My apologies to whoever actually reads my work. I have been contending with personal and family issues for the past week—specifically my gravely ill brother. But it’s time for a few words on an important subject, even if they are a bit late.
We just passed Veterans Day, and with the predictability of a coke freak reaching for a shard of broken mirror, Salon has published its annual teenage tantrum against the U.S. military. They must think this is still impressive and edgy to do, like wearing bell bottoms, and I wouldn’t be surprised if next year’s slander is already commissioned and queued up. This year’s breach of good manners comes from David Masciotra. (I’m not linking to it.) The editors chose the headline “You don’t protect my freedom: Our childish insistence on calling soldiers heroes deadens real democracy.” One wonders what “real democracy” is; it must be something like a true Scotsman.
The piece contains all the necessary cliches—references to the “military-industrial complex,” devious aerospace hucksters, and think-tank neocons. Here are the relevant lines:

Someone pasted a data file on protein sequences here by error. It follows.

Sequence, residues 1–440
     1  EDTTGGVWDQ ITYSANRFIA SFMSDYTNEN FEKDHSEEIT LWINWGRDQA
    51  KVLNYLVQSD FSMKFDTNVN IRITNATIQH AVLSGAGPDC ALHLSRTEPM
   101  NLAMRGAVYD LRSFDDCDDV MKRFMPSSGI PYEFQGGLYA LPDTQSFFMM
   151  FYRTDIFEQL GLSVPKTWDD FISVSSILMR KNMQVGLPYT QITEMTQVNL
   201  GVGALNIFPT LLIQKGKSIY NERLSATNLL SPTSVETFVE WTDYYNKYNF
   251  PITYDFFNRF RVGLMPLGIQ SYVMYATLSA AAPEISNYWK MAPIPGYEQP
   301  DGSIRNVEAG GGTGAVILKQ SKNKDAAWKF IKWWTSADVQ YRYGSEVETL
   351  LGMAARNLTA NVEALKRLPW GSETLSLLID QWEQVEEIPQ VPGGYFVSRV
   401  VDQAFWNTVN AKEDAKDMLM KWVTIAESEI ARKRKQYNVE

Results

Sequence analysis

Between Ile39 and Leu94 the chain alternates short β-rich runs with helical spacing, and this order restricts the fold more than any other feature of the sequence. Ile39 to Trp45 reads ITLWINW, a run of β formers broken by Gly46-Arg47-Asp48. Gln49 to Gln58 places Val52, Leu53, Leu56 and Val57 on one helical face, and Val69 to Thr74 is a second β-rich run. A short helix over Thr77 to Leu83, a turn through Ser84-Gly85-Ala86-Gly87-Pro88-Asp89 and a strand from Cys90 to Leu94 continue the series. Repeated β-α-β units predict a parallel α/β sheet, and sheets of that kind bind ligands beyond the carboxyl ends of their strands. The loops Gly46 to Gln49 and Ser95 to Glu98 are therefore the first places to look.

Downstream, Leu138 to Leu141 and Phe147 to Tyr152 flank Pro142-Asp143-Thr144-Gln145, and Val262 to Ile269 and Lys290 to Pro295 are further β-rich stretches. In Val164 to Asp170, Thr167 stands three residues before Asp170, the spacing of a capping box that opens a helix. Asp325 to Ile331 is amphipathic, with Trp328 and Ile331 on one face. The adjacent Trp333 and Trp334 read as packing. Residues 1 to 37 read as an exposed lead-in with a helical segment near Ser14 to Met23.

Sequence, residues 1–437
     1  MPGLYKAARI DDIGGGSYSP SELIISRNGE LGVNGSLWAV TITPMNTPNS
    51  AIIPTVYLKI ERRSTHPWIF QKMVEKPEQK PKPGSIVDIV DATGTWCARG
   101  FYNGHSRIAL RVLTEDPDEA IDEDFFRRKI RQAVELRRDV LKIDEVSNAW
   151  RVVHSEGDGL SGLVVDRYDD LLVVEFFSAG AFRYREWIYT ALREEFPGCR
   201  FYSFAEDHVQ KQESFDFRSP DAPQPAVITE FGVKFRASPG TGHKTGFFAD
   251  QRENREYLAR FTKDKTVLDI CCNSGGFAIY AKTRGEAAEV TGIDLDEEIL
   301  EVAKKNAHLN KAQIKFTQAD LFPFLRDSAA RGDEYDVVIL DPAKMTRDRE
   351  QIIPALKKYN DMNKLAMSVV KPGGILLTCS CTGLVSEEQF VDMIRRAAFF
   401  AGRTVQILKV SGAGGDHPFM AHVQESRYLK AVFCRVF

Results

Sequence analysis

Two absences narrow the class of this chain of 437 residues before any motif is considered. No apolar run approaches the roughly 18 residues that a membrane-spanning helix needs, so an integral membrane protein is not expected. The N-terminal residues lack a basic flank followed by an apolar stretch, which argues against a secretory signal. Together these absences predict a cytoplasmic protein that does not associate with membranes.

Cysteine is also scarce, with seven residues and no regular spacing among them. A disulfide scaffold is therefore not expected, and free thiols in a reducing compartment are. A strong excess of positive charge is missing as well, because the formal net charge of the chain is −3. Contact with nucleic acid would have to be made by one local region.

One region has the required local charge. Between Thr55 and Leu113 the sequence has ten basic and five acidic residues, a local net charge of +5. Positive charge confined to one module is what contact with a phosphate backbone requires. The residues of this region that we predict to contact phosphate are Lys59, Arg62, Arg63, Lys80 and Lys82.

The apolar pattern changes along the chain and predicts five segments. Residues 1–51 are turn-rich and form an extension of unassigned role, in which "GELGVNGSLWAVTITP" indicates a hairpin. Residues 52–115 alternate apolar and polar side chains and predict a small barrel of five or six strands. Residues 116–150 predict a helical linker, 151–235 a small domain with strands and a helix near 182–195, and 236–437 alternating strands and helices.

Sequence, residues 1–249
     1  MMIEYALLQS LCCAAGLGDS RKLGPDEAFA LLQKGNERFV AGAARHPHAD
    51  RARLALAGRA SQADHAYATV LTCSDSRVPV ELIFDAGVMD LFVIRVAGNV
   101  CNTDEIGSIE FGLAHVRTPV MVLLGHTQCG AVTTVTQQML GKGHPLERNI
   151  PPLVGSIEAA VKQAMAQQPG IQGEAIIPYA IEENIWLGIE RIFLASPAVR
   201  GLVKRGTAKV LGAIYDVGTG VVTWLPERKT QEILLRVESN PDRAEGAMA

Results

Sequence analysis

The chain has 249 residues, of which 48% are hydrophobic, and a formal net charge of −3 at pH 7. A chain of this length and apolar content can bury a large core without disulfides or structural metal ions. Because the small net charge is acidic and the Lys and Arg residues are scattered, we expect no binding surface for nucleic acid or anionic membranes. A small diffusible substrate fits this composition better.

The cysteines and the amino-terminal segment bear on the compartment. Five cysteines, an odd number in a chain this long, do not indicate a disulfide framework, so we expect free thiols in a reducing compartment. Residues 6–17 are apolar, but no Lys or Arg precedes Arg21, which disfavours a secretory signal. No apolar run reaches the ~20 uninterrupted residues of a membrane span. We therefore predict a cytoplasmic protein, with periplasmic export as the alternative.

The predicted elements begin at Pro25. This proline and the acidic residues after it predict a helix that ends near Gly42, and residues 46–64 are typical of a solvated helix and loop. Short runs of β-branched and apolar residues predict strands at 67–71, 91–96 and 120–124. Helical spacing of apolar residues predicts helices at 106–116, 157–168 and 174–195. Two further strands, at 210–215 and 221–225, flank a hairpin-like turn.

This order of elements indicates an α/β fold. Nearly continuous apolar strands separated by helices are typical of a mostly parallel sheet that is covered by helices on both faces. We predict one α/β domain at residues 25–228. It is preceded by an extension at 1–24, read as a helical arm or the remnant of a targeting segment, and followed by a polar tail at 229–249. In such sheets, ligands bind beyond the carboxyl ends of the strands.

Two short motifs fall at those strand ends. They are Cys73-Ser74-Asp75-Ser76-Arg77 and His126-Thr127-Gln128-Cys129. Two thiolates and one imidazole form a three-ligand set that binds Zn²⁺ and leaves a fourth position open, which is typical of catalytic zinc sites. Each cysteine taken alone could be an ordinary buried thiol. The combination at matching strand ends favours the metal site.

Put a man in uniform, preferably a white man, give him a gun, and Americans will worship him. It is a particularly childish trait, of a childlike culture, that insists on anointing all active military members and police officers as “heroes.”
This being Salon, the writer must hedge against his own readers’ accusations of racism by focusing on white soldiers. After some more hedging with talk about the inadequacy of veterans’ healthcare, Masciotra writes:
The last time the U.S. military deployed to fight for the protection of American life was in World War II […].
I don’t mean to afford this more attention than it deserves, but this is demonstrably false. Whose freedom do you think the Marines and Army Rangers were protecting when they landed at Grenada in October 1983, as 1,000 Americans, most of them students at the medical school of St. George’s University, were at the mercy of a gang of murderers who had just seized power in a coup and executed anyone in their way, including a pregnant woman?
There are more examples, but the Masciotras of the world always wiggle out of them by saying that the United States homeland itself has not been in danger of invasion for seventy years. Assuming this is even true, it is only true because we have a massive deterrent force, composed of ready and willing young men and women. Soldiers *do* protect our freedom, and they have done so not just at Bunker Hill, or during the war of 1812, or in the Pacific Theater. What do people like Masciotra think would have happened to the United States if its military hadn’t existed from, say, 1945-1991?
Enough of this. I shall return.